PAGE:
You had a Standstill agreement, and I won't debate the finality of that arrangement or not, but the Bishop told you before the votes and filings what the outcome of those actions would be. Those outcomes have come to pass. To say you were only going along as agreed is disingenuous.

(different anon from above)

Steven in Falls Church said...

BB--You've pulled thankless yeoman duty playing whack-a-mole with the Diocese and its fans on the Standstill Agreement. They want to bury the incontrovertible facts: (a) the Diocese signed an agreement to negotiate; (b) under the agreement the Diocese consented to the 57-9 petitions; (c) while the agreement was in effect the Diocese failed even to have one preliminary discussion with the departing parishes consistent with that agreement; and (d) the Diocese let the agreement expire and filed lawsuits on the date of expiry.

ettu said...

I am coming at this from a distance so apologize for any naive comments - however, if this standstill agreement *expired* then what is all this sturm und drang about?? I sell and buy options and when they expire worthless or whatever then it is a dead issue. How does this differ from a legal agreement that has expired??

Mike said...

Pathetic. What is the purpose of arguing that your former church is "dishonest" "cynical" and "acting in bad faith?" Even if true, what sort of buzz do you get in making the point?

BabyBlue said...

Ah, so having given up on a discussion of the facts we turn to ordering cream pies. Hmmmm .... just don't hit the Giant.

bb

Mike said...

I get the cream pie reference, but honestly have no idea what else to which you are referring.

Is there a fact at issue that we disagree about ... or are you just saying that my opinion is factually wrong?

I have a suggestion. Why not focus on your beliefs rather than castigating my church? Does that work for you? Or do you need to prove me wrong to make yourself feel better?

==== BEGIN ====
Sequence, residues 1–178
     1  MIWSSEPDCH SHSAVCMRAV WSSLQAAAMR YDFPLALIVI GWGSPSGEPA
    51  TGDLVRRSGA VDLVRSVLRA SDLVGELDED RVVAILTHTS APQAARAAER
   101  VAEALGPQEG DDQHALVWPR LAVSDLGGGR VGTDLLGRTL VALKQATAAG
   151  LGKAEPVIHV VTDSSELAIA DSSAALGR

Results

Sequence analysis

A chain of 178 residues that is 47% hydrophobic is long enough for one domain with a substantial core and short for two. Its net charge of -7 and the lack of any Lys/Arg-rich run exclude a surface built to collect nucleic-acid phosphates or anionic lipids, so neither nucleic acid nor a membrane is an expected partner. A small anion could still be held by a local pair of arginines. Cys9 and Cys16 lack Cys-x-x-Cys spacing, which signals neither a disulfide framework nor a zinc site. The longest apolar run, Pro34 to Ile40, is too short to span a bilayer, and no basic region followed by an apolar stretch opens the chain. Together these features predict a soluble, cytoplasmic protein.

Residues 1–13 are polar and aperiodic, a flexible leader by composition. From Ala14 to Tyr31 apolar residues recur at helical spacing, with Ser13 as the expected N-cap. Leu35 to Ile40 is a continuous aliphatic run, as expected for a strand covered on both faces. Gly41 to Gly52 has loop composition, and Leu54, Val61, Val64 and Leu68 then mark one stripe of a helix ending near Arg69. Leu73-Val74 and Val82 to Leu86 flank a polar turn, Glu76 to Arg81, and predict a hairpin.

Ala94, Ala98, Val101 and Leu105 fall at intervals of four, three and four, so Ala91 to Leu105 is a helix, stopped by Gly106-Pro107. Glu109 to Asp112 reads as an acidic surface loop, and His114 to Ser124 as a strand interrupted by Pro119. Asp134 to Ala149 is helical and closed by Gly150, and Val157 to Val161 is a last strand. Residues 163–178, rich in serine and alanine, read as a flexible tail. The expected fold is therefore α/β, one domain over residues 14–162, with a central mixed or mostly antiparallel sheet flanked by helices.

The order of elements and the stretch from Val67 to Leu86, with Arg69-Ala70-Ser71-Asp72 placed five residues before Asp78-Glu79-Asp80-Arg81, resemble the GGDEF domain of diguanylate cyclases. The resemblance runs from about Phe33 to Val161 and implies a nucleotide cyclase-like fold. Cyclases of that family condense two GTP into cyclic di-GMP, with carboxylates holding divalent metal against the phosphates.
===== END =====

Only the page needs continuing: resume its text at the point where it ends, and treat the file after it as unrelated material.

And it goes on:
Anonymous said...

bb, you wrote: "All we did was file our votes - as the Standstill showed that it was not a hostile court action. We filed our votes."

You have to know better than that. Every congregation filed 2 things: a petition and a report. Your statements above would be accurate if the only thing filed was the report. Each of them gives the whole long sad story, the vote, etc. The petition on the other hand, seeks a legal judgment as to ownership of the property. You filed your votes, plus a petition.

And I notice that your very long response to me didn't really address anything I said. Revealing.

BabyBlue said...

Hmmm...thought you might be new here, Mike. You are of course always welcome - though perhaps calling the proprietor of this establishment "pathetic" might make one think you don't like what's on the menu?

Since you are new to the Cafe you might as well know - I am still a card-carrying Episcopalian (and have been Episcopalian for twenty-three years). I was also reaffirmed by Lord Carey, the former Archbishop of Canterbury, four years ago. I'm in this for the long haul - unless I decide to fulfill the Dream of My Youth and become a Flower Child and move back to California. Now that might be a buzz. I was about five years too late last time.

Here at the cafe we talk about all sorts of things (you can see it in the banner on the front page) including the Crisis in the Episcopal Church. We also talk about Bob Dylan and the Potter Series and Bono when I'm not mad at him and we play tunes and watch films. Oh, did I mention Bob Dylan? Right.

We welcome all here, we just ask that you order the cream pies to eat, not to throw. If you must toss something, order the pancakes. We love Shrove Tuesday.